"Specious positive" maize genomic clones recovered due to annealing with oligo-dG/ oligo-dC tails of cDNA-clone inserts--a cautionary tale

In the course of screening the maize genomic library for the work described above, a troublesome phenomenon was encountered which may be of interest to others attempting to isolate maize genomic cognates using heterologous cDNA clones. Initial screening of the library was performed at low stringency with nick-translated fragments containing entire Lilium EMPR cDNA inserts, including the oligo-dG/oligo-dC tails created during the cloning procedure, or nick-translated holo-plasmid DNA. Both approaches resulted in the isolation of a large number of positively-hybridizing phage which after plaque purification showed approximately the same signal strengths under either low (50% Formamide, 5X SSPE, 0.2% SDS-30 C), intermediate or high (same salts, 37 C or 42 C) stringency probe hybridization conditions. Southern blot analysis of restriction enzyme digested phage DNAs showed that this homology could be mapped to specific DNA fragments from the cloned maize DNA inserts of these phage. Upon further examination, however, it was found that all homology to the lily cDNAs vanished when these clones were probed with internal segments from the cDNA inserts, even though these internal segments contained the most conserved portions of the cDNA clones. Screening with these internal segments identified instead a much smaller subset of maize clones showing plaque cross-reaction only at lower stringencies, though the signal seen under the 30 C condition was somewhat stronger than that seen for the clones described above. When a Southern blot comparison was performed with equivalent amounts of purified, restricted DNA for such a positive and some of the clones described above at the lower stringency, the homologous maize segment from the second type of positive gave a much stronger signal even with whole insert or holo-plasmid probe, while it was the only fragment which showed a signal when the blot was probed with a fragment from within a lily EMPR insert. These observations suggested that the first type of positive clone was due to annealing of the oligo-dG/oligo-dC tracks of whole cloned cDNA inserts or holo-plasmids to oligo-nucleotide tracks in the maize genomic clones. This has since been confirmed by probing Southern blots with end-labelled synthetic oligo-dG, which anneals specifically to the same specious positive bands as the plasmid probe.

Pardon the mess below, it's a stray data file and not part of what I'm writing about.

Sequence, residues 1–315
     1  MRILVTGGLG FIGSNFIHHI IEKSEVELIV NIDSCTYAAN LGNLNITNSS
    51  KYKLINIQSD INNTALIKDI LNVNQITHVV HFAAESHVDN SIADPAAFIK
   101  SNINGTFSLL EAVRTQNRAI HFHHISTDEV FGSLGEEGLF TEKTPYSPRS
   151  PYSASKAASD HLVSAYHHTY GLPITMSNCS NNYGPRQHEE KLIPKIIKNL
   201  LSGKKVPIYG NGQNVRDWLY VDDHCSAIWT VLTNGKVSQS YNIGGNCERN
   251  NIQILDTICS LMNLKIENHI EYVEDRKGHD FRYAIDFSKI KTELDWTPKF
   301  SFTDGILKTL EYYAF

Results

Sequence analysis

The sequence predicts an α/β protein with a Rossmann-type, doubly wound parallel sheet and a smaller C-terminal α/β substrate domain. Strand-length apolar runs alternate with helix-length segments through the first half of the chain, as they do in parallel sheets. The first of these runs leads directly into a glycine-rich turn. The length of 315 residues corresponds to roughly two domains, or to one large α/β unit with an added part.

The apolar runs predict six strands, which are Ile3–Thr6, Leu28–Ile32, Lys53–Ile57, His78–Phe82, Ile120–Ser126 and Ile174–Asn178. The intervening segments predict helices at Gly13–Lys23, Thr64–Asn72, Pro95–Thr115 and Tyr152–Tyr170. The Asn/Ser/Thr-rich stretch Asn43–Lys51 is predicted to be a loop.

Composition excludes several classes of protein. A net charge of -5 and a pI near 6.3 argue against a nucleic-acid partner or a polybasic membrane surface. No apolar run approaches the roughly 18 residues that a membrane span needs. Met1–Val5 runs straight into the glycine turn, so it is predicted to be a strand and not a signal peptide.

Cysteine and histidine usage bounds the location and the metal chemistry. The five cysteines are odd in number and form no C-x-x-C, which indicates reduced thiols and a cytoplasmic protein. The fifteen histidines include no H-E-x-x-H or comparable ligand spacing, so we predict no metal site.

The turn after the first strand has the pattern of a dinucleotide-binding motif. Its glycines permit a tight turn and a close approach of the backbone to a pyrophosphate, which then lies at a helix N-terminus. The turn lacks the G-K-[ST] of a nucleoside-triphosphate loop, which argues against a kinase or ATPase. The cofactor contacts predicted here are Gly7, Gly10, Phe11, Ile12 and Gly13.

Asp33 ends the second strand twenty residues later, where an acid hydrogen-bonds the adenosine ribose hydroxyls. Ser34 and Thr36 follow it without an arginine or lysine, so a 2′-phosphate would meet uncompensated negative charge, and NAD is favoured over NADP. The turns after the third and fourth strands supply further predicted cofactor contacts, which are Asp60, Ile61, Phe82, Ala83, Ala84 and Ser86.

These observations indicate that care should be exercised when screening maize genomic libraries with heterologous cDNA clones, due to the existence of genomic sequences with homology to the oligo-nucleotide tails created during the widely-used procedure for inserting cDNAs in the PstI site of pBR322 and other vectors. The length of oligo-dG/dC necessary to obtain such specious signals is not great: sequencing has shown that my usual lily probe has a tail of only 16 Gs, while the synthetic oligo-dG probe contained oligo-dG pieces from 12 to 18 nucleotides in length. Fidelity of the specious hybridization is quite good; in the present case signals were obtained at stringencies where true positives would not cross-react. It should be noted that the relative intensities of Benton plaque signals can be quite deceptive, particularly at intermediate stringencies where the cross-reaction of real but diverged homologous regions is marginal. For all these reasons, it is advisable to use fragments derived from the internal portion of cloned heterologous cDNA inserts if these are to be used to screen maize genomic clones.

Robert A. Bouchard and Michael McKeown
 
 


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